Wednesday, 10 May 2017

Without a Score Card, You Don't Know the Players



It Is Getting Tough to Know When to Cheer
The old saying, yelled out by concessioners under stadiums from Boston to Saint Louis, was that you needed a scorecard to tell who the players were. Or, on Broadway, you need a playbill, else you won't know that in tonight's production, the role of Max Bialystock will not be played by Nathan Lane.

Yesterday, President Trump officially fired the director of the FBI, James Comey. 

The media are in full froth over the issue, but it's tough to tell who is yelling "Boo" and who is yelling "Booo-urns."



In his monologue, Democratic party mouthpiece Steven Colbert (that's Col-bear, with a pseudo-French accent, and not COL-bert) announced the firing to his audience, who immediately applauded.

Colbert was plainly non-plussed, and corrected his audience on the appropriate response, reminding them that Attorney General Jeff Sessions had urged the decision, as if to say, "No you ignorant glove-puppets. This is BAD."

The problem that this presents is that, for months, Comey, and the way he prosecuted the case around Hillary Clinton and her e-mail server, has been a leading causus belli for the Clintonistas, as they desperately look for dry land in the sea of "How was our pre-selected queen denied the coronation we were told was inevitable?"

Just last week, yet further data from Nate Silver and his Five Thirty Eight blog pointed towards Comey and his letter "re-opening" the investigation into what Clinton aid Huma Abedin had sent to her husband - disgraced New York Congressman Anthony Weiner, a bombshell (dud, really) that was released just weeks before the election.

So, just what are we supposed to think about this latest event?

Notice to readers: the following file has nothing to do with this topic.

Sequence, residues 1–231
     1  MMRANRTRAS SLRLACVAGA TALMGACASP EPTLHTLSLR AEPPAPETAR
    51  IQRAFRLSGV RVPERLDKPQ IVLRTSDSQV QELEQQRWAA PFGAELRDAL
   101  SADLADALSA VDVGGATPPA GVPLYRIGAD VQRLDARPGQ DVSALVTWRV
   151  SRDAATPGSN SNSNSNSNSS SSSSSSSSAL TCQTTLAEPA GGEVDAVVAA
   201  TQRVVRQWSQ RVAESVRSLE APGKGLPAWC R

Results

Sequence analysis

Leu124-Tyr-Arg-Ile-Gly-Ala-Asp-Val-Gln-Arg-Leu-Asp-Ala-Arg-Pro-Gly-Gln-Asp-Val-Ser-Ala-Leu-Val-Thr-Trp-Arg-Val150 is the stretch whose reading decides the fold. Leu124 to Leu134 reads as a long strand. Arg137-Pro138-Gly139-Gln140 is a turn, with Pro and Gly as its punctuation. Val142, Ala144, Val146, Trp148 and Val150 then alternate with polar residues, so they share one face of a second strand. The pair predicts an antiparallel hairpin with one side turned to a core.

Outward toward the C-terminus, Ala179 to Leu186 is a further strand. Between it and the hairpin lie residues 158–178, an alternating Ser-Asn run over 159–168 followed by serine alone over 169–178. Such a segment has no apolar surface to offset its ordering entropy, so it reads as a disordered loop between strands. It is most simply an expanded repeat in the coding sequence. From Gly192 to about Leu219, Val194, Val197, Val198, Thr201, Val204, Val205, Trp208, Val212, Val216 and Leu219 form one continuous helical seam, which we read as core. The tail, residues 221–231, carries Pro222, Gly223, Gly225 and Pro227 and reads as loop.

Here is how I see it.
  1. The optics of the firing look horrible, Whatever the reason given by Trump (including the claim that Comey's mishandling of the Affaire Clinton was the last straw), sacking the head of the FBI, three months into his administration, after apparently providing various actual and implicit votes of confidence, looks bad, if nothing else.

    This surely triggers questions - rhetorical, in the case of the anti-Trump camps at the Washington Post and New York Times, - about whether the firing is meant to derail the investiations into alleged collusion between the President and the Russians.

    The legitimacy of government rests on the appearance of providence and honesty. A whiff of suspicion can be fatally poisonous.

    Quis custodiet ipsos custodes - who will guard the guadians, in the words of Juvenal. At the very least, the timing of the firing undermines faith in the idea that those in power have checks on malfeasance. This leads to....

  2. The most direct question right now was asked last night by Chuck Schumer:

    The first question the administration has to answer is why now. If the administration had objections to the way Director Comey handled the Clinton investigation, they had those objections the minute the president got into office. But they didn't fire him then. Why did it happen today?

    Trump, as he is wont to do, responded with a sophomoric tweet, calling the New York Senator "Cryin Chuck Schumer." Now, there is an old saw that the most dangerous place in the world to be is standing between Senator Schumer and a camera, but in this case, Schumer is correct.

    Trump needs to respond as to why they canned Comey now, as opposed to last week, or two months ago. Or even, the day after Trump took the oath of office. Schumer is absolutely right that investigations into the allegations against senior government officials need to be taken seriously, and conducted independently.

  3. The Attorney General (or, as AG Sessions has recused himself, Deputy AG Rosenstein) needs to appoint, once and for all, an independent special prosecutor. A democratic country cannot function properly if there is even a reasonable suspicion of improrpiety.

    I know that there have been calls for previous administrations to do so on several occasions, and that they failed. Most of the time, this is political grandstanding. But there are serious allegations here, and a sizeable number of Americans believe them.

    This needs to be settled, once and for all.

  4. I still believe that the whole "Russia hacked our elections" is a red herring, meant to undermine the legitimacy of the current president.